Erin is a professional illustrator/animator working for Rovio. I'm always amazed at the volume and quality of work he puts out. Each of his illustrations are like a panel taken out of a graphic novel where you want to know the story before and after the drawing you're looking at. Erin's good at all the things you're not ;-) hands, dynamic character poses, spot on facial expressions, baggy skinned animals, and great compositions. Check out his work and I'm sure you'll be as impressed as we are.
Did you always want to be an artist?
Yes. I've loved cartoons ever since I was a kid.
When did you started getting serious about art?
When I went to college. After about a year of classes, I took my first 2D animation class. The first time I saw my drawings start to move on the screen, I knew I wanted to be a 2D animator.
How were your parents with the idea of being an artist for your career?
They were all for it! They were nothing but encouraging about me pursuing my career.
Did you have any family members, teachers, or mentors that helped guide you or did you blaze the path alone?
I was mostly self taught up until college.
I had two outstanding teachers in college. One was Don Long, who had the amazing ability to pick up a pen and create these dynamic, fluid, and most amazingly anatomically correct drawings without having to sketch out an under-drawing. His drawings always had such force and finesse, and Don would almost just “scribble” them out as he happily chatted with you as you stared bewildered at his drawing. I always try (not always succeeding) to channel Don's loose but refined strokes when I am trying to build a dynamic or flowing pose or character.
The other was my life-drawing teacher Tom Flanagan. Tom was a “nose to the grindstone” teacher who made us all work HARD in his classes. He would make the models pose for up to 20 minutes, and he forced us to FOCUS on all the little details in the muscles, how the skin would hang, how the light hit it, and he had no issues about criticizing our work. During every minute of Tom's class we were drawing, and our hands ached by the end of the class, only to be given more assignments to draw more subjects in the same “photo-realistic” fashion. He made us work our butts off, but that was great preparation for what was to come in the industry, and there was NO denying that our overall draftsmanship skill had improved by the end of the class.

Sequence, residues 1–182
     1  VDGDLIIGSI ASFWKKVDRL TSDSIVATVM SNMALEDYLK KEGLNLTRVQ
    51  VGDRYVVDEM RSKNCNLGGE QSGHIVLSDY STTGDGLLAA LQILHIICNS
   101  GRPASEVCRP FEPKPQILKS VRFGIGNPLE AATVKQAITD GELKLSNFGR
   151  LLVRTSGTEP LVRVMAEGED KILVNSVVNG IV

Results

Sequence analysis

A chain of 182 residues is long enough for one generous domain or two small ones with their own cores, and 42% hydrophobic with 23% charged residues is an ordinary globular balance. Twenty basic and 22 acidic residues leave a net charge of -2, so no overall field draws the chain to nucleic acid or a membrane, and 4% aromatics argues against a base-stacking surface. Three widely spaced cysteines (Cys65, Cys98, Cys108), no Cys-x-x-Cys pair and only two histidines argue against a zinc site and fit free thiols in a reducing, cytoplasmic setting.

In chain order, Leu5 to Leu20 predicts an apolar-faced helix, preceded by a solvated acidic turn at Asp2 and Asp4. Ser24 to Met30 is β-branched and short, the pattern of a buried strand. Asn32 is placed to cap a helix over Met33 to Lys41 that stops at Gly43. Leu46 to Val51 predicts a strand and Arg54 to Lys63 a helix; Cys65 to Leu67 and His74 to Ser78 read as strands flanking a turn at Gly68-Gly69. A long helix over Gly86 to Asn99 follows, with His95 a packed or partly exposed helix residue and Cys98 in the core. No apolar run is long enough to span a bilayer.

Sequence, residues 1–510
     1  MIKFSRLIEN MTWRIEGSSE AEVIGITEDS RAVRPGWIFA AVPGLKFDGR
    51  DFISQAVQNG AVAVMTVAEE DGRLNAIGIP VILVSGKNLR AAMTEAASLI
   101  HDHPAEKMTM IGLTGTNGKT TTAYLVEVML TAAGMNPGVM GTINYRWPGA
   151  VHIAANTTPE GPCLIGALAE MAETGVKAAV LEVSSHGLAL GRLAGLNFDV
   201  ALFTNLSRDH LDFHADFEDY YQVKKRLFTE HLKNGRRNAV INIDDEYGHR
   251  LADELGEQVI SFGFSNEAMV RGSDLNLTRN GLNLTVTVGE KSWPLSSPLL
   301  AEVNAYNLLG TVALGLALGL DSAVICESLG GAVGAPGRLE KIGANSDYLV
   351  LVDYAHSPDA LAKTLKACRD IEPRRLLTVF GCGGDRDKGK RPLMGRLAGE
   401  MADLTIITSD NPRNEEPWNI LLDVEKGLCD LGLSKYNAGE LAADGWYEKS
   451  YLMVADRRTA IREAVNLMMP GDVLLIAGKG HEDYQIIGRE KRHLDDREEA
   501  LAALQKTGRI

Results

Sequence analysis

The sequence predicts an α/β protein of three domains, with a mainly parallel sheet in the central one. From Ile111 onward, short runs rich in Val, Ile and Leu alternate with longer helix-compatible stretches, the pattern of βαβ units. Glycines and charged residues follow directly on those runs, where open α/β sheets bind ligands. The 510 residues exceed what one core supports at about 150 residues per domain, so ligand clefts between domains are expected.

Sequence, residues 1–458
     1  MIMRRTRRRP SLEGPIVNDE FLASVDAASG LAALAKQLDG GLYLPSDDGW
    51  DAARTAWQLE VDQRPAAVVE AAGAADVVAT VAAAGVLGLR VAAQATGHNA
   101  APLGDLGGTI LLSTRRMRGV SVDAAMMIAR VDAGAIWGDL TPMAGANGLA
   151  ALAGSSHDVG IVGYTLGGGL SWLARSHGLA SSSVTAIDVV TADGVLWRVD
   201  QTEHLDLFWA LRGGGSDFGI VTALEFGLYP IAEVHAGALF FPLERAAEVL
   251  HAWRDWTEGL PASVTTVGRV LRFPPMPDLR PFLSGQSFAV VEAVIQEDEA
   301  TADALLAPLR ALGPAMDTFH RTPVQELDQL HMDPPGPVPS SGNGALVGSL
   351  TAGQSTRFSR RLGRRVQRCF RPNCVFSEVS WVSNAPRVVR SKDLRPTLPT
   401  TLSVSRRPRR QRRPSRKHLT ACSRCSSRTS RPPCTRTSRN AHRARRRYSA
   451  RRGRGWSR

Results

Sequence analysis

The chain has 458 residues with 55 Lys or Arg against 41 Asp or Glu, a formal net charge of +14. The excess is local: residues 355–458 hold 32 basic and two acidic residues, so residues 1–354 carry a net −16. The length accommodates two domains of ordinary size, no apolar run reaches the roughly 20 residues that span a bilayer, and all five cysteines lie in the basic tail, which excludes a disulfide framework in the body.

I learned from so many artists I worked with. Ben McSweeney – an amazing animator who can animate insane action scenes like you would see in high-action anime. Dominic Carola and Aaron Blaise – two incredible Disney veterans whose draw-overs opened my eyes to pushing silhouette, straight vs. curve, and body/facial expression. Henry Yamada's character designs were so complex yet beautifully streamlined, it was tough keeping up with him, but I feel my work is stronger for it. Ricky Roxburgh – a hilarious writer who was the MASTER at taking a simple idea and turning it into a complete, incredible, HILARIOUS script; Tim Moen – an awesome character designer whose designs would introduce new techniques and ideas into my art as I would storyboard his designs; Tony West – an awesome 2D fx animator, and possibly the nicest person in the animation industry; and Julio Medina – an incredible 3D modeler with a work ethic and attitude that demands admiration.
Did you go to school for art or did you learn some other way?
I did go to an art school, where I learned some skills that I still use today, like Adobe AfterEffects, Premiere, and some basic 3D modeling. However, aside from Tom Flanagan and Don Long, I credit most of my "industry quality" work from what I learned on the job.
If you could go back in time and give yourself some advice, what would you say?
When I was a kid (and even a college kid) instead of scribbling little doodles in my free time, I should have been trying to master gesture drawing, finding clear silhouettes, applying structure to the face, etc.